Party members voted to support the deal to enter government at Saturday morning's extraordinary general meeting (EGM) following a two-hour debate.
The Scottish Greens' Party Council will still have to approve the deal by a two-thirds majority.
With proxy votes still to be counted, 715 members (88.5%) had backed the deal, 84 (10.4%) voted against and nine (1.1%) abstained.
The outcome of that final decision is expected to be announced by co-leaders Patrick Harvie and Lorna Slater at a press conference scheduled to begin at 3pm.
The pair would become government ministers under the powersharing deal, with the Greens required to back the Scottish Government in confidence votes and annual budgets as they work on a raft of agreed policy areas, including tackling the climate emergency, Scottish independence and rent controls.
Public disagreement between the parties would only be allowed on a set of agreed topics, such as aviation policy, green ports, direct financial support to businesses involved in the aerospace, defence and security sectors, field sports and the economic principles related to concepts of sustainable growth and inclusive growth.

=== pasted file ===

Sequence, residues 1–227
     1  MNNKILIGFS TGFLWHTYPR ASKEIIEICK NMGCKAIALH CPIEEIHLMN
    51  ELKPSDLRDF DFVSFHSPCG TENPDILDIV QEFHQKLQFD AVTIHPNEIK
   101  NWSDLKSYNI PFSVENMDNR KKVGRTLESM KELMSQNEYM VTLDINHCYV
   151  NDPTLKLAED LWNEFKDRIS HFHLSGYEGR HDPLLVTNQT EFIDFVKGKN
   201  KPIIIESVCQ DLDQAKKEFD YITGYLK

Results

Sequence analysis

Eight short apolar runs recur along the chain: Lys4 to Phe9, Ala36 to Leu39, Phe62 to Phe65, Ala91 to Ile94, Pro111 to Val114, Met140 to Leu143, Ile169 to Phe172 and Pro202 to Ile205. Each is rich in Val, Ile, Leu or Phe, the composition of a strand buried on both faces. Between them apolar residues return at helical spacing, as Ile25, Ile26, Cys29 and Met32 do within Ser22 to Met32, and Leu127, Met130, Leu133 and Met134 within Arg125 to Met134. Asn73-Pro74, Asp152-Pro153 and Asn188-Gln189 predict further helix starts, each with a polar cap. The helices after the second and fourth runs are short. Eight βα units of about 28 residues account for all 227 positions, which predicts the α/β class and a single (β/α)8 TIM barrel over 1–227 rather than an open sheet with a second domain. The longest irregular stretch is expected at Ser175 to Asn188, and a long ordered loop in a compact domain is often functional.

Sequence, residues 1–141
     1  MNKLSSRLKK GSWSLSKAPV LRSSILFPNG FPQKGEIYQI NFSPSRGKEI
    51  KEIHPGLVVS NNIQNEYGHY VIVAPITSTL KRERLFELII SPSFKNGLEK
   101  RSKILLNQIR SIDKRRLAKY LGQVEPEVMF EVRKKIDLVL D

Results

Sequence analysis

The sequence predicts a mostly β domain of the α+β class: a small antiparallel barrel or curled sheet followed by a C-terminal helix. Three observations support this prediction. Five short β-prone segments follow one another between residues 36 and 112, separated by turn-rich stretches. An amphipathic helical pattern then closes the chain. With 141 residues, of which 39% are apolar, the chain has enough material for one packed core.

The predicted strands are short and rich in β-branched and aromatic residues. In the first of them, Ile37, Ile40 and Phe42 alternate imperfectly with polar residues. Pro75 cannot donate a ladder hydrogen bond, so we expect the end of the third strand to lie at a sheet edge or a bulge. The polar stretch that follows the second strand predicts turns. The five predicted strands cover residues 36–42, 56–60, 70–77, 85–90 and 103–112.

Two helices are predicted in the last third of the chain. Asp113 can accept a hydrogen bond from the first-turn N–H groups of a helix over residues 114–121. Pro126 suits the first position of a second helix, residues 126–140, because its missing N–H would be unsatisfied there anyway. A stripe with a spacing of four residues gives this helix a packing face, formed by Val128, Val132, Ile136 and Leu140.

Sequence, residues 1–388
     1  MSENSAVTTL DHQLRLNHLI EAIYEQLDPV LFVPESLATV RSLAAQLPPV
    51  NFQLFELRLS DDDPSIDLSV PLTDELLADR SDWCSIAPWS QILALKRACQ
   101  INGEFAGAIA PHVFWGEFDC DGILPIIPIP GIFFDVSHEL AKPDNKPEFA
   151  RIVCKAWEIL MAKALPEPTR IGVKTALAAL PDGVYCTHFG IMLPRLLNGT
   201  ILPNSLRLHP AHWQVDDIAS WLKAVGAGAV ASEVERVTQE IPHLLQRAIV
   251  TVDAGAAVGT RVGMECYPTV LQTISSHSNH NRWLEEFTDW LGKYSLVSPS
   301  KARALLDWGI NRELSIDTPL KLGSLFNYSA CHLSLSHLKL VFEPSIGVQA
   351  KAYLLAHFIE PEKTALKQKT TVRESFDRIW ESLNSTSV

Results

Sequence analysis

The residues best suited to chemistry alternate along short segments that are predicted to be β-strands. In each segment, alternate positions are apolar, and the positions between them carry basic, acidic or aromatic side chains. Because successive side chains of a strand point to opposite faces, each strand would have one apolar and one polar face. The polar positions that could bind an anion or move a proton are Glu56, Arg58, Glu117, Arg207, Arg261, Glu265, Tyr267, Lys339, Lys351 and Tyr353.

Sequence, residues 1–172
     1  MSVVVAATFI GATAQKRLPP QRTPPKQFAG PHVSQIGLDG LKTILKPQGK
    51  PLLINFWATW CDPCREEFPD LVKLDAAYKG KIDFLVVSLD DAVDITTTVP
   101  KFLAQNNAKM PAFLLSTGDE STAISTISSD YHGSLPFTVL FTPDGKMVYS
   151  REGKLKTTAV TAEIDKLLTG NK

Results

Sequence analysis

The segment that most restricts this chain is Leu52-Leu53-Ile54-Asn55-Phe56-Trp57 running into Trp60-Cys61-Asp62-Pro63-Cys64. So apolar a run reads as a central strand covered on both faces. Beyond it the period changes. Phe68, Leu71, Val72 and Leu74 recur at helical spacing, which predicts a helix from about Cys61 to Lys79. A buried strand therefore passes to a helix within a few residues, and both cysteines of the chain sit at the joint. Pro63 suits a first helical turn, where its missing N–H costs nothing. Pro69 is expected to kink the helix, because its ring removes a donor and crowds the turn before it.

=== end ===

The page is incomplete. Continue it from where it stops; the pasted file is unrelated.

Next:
However, speaking during the EGM, Scottish Green MSP Ross Greer insisted that the list of subjects could be changed if further agreements or disagreements emerge.
Ahead of the vote, the co-leaders insisted the agreement will be good for Scotland, the country's efforts to tackle the climate crisis and contains "transformational" policies such as implementing rent controls.
Mr Harvie said on Friday it feels "incredibly exciting" to be on the brink of government.
He added: "Our members will decide whether we're going to take this historic step and put Greens into government for the first time, not just in Scotland, but in any part of the UK."
The draft powersharing agreement was formally announced by First Minister and SNP leader Nicola Sturgeon along with the two Scottish Green co-leaders at her official residence, Bute House in Edinburgh, on August 20.
Announcing the deal, Ms Sturgeon stressed it is not a coalition but "about doing politics and governance better".
Negotiated over the summer after the SNP fell one seat short of an overall majority in May's election, the deal involves a shared policy platform agreed by both sides which would be pursued by the Scottish Government.
This includes an agreement to pursue another vote on Scottish independence before the end of 2023, if the threat of coronavirus has subsided.
It covers the majority of domestic policy, with 10 areas excluded where opinions differ.
The Scottish Conservatives branded the deal as creating a "coalition of chaos" focused on independence, while Scottish Labour said the "coalition of cuts" is a "disaster for Scotland".